How to Avoid Being Banned by LinkedIn When Connecting
"Your LinkedIn account temporarily restricted." This is a fairly common message for sellers these days. It's easy to be restricted or even banned by LinkedIn—simply for requesting connections with prospects you don't know.
If your connection requests are not accepted by prospects often enough LinkedIn will remove your ability to make connection requests. Being restricted from sending connection requests (phase I) and being totally banned (phase II) by LinkedIn is common. Ask around. You'll be surprised.
Stop Asking for Connections
Being connected is more useful for nurturing leads—less effective for earning near-term meetings or starting relationships. Want to avoid being restricted or banned? Want more appointments from LinkedIn?
Stop sending out connection requests. Sound crazy? Hear me out. Today I'll tackle:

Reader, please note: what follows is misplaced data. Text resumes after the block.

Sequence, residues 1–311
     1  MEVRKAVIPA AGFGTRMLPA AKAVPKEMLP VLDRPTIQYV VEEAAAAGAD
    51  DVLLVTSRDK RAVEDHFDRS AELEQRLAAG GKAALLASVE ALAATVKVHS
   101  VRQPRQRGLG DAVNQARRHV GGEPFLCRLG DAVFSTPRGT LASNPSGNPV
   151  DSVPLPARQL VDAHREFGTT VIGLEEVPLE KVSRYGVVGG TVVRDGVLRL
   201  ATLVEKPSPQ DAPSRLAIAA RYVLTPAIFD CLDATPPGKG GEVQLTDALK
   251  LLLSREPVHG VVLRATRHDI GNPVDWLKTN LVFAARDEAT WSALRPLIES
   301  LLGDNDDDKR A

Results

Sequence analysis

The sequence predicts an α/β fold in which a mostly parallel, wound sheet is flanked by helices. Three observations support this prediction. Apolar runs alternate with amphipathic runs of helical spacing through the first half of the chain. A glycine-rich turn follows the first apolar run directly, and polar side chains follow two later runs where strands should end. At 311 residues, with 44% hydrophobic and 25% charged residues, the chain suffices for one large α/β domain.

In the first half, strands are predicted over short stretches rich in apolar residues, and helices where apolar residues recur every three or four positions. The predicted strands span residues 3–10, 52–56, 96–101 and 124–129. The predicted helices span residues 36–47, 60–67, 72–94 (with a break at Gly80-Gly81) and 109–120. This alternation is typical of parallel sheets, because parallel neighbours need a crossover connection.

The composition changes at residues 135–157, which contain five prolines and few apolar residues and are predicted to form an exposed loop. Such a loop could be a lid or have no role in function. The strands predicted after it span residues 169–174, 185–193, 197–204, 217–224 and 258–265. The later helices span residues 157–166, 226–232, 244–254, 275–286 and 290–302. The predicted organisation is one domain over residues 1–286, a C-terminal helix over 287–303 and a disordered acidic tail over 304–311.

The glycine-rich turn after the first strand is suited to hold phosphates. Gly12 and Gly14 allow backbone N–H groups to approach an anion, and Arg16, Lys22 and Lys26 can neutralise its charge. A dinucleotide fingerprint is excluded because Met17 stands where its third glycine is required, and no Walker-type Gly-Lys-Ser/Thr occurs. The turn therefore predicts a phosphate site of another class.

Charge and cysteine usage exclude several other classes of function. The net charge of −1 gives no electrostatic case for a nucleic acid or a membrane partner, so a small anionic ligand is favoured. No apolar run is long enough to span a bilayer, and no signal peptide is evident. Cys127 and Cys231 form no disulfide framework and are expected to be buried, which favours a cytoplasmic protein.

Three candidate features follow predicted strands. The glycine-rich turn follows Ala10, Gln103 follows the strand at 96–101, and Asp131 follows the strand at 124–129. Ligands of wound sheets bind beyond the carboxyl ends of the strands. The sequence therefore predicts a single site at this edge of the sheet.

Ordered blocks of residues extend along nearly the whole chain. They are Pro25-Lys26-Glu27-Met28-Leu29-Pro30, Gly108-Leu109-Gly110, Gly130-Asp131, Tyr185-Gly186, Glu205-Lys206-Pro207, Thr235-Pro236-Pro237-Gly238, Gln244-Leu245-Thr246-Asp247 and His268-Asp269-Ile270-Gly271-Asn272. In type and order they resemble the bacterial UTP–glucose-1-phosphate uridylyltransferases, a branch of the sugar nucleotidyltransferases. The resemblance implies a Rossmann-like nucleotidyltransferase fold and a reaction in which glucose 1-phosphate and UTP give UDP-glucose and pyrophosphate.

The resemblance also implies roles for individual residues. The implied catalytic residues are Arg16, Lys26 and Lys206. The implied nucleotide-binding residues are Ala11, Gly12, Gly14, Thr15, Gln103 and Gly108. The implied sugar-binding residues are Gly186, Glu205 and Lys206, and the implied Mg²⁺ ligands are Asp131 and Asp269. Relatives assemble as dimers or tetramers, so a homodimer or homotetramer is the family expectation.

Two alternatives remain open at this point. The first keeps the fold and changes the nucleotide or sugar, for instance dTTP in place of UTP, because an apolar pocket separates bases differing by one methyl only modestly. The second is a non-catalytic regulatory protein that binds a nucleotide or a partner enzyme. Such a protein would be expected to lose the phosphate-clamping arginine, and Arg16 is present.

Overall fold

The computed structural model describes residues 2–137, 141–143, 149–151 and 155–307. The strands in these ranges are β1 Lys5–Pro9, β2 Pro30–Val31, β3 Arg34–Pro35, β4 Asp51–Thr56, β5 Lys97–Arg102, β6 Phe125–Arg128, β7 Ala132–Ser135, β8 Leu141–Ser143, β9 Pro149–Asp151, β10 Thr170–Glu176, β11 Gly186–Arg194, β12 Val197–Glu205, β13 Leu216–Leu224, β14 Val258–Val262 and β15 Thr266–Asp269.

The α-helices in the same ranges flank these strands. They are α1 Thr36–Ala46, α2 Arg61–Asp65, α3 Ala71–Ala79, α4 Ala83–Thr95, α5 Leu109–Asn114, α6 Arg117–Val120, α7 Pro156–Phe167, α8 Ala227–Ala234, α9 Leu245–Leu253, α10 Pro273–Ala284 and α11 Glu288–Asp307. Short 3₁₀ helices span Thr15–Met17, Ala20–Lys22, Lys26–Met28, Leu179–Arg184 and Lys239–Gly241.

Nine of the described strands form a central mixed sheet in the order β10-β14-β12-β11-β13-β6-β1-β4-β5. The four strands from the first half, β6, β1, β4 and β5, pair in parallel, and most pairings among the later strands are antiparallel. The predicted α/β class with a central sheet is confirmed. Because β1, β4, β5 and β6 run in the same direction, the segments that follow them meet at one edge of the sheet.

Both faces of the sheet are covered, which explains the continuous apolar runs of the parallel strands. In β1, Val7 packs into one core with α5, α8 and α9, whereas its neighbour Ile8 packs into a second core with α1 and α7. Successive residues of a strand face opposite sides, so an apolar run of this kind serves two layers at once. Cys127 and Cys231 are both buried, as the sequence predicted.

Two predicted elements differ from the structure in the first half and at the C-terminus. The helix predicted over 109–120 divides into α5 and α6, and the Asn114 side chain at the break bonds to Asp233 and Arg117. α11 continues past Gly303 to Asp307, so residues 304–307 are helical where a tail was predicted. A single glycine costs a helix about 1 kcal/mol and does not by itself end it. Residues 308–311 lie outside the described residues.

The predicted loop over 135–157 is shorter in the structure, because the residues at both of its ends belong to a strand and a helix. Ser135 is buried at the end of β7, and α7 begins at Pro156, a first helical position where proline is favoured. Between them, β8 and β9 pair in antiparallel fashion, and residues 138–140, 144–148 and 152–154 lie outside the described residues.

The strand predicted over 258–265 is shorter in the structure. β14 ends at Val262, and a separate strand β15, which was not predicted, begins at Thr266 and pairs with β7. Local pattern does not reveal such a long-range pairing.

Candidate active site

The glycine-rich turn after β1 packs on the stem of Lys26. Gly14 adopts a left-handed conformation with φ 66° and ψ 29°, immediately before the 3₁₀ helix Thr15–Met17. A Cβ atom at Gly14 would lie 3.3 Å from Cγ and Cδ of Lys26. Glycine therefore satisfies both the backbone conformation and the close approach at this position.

- Why you don't need a connection on the approach,
- When you should ask for the connection and
- How LinkedIn fits in (best) with your prospecting process.
Why You Don't Need a Connection
Connecting with a newly targeted prospect on LinkedIn is a terrible idea. Yet I still see social selling "experts" recommending sales reps make connections—as a means to introduce themselves to prospects! But what if you didn't need the connection?
What if connecting was preventing you from getting more response & appointments?
"Ok, Molander. So why isn't it a good idea?"
Well, it's against LinkedIn's rules. Plus, you probably don't need it anyway.
Yes, it seems like a logical first step but it's blind, cold. You don't know the other person and LinkedIn's goal is to protect people from un-solicited correspondence. Yours!
So what is the best way to make your approach on LinkedIn?
What's Your Process—and How Does LinkedIn Fit in?
When I first meet students I pop the question: How does LinkedIn fit into your prospecting process. Ninety-five percent of the time I get the same response.